Why I ditched Google Analytics & MixPanel for PostHog

Colin Wren
5 min readDec 11, 2021

It took me until I built my second product (Reciprocal.dev) to really understand the value of analytics. I’d always landed very much on the side of such tools as being an invasion of privacy and questioned the need for front-end scripts when proper configured server logs could provide the same information.

The hammer that hit the nail on the head was reading Lean Startup and learning how customer behaviour metrics are key to performing the iterative small tweaks needed to align the product to the customer needs.

Instead of analytics being used to count page views and traffic sources they should be used to understand the points the product has to make a decision and the outcome of that decision, so that the product can be changed to remove the friction.

With that new found understanding I started looking at how we’d implemented analytics in my existing products.

Google Analytics

Google Analytics had always been my go to analytics platform when I’ve wanted insights but this was out of lack of any real knowledge of the analytics space and just seeing what others had used.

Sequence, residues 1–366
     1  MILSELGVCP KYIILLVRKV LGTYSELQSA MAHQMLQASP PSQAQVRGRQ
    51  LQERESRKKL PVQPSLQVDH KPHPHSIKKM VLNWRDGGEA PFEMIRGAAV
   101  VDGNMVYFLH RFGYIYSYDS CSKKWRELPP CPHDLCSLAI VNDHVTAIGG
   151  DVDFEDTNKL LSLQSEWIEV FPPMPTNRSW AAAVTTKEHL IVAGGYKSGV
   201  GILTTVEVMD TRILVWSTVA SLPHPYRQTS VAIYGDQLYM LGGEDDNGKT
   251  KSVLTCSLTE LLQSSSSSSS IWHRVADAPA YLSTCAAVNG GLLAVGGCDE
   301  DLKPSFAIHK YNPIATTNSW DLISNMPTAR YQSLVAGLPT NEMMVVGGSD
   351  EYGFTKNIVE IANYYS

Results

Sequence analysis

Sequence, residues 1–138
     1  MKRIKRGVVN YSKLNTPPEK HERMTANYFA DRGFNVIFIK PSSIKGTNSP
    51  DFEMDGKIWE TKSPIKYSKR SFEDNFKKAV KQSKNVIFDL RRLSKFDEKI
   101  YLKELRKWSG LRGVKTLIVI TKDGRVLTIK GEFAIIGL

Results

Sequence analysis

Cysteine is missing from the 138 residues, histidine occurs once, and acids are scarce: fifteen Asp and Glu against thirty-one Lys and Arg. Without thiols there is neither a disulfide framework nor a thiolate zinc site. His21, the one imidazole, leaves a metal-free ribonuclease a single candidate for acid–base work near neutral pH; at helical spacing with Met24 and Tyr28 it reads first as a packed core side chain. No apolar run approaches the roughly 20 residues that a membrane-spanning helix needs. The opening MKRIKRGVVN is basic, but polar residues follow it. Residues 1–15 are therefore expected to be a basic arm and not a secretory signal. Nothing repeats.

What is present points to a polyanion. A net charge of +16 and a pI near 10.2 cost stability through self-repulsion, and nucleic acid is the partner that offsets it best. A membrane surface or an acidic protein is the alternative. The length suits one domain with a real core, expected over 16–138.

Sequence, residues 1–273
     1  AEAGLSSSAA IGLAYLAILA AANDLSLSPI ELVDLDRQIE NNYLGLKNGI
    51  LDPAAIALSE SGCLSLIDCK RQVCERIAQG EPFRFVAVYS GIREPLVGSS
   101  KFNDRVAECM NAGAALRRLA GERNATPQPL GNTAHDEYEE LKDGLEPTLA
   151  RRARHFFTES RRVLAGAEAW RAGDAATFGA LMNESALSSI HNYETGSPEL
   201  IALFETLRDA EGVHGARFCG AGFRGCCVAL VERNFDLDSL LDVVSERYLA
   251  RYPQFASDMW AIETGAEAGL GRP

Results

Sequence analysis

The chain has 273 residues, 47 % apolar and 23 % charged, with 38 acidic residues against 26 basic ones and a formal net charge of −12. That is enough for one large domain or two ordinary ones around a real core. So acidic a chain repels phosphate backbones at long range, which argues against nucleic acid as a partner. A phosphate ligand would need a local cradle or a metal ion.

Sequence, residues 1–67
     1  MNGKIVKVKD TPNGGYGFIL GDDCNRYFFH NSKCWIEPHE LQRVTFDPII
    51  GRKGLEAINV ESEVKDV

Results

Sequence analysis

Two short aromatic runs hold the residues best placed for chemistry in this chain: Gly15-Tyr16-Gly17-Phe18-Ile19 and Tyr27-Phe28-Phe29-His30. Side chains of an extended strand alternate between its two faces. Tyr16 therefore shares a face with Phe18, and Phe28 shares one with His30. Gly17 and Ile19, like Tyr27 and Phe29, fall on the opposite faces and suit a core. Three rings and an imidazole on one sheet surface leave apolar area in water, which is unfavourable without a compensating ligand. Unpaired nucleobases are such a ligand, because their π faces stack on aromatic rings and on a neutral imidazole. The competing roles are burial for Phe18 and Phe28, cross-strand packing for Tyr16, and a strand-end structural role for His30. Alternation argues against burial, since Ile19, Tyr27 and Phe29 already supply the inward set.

In my personal opinion Google Analytics is just a mess.

Google Analytics is very good for quantitive metrics but not so much qualitive metrics

There’s two different UIs for the same data (Firebase Analytics and Google Analytics), two different versions of tracking tag to pick from (v3 and v4 and some JS libraries only support v3 currently) and it’s Goals feature doesn’t lend itself easily to building up a clear picture of what users are doing as there’s either tables of data or very busy funnel charts to view.

The lack of value I was getting from Google Analytics led me to look for a secondary tool that would provide more qualitive data instead of the quantitive data I was getting from Google Analytics. For this I picked MixPanel as it’s funnel reports allowed me to see conversions easily (and admitted the UI looked good).


Initially MixPanel delivered the value we had hoped for. We were able to see how the app was being used, see which areas of the product weren’t converting as well as we’d hoped and use that data in discussions we had about improvements to the product.

Colin Wren

Currently building reciprocal.dev. Interested in building shared understanding, Automated Testing, Dev practises, Metal, Chiptune. All views my own.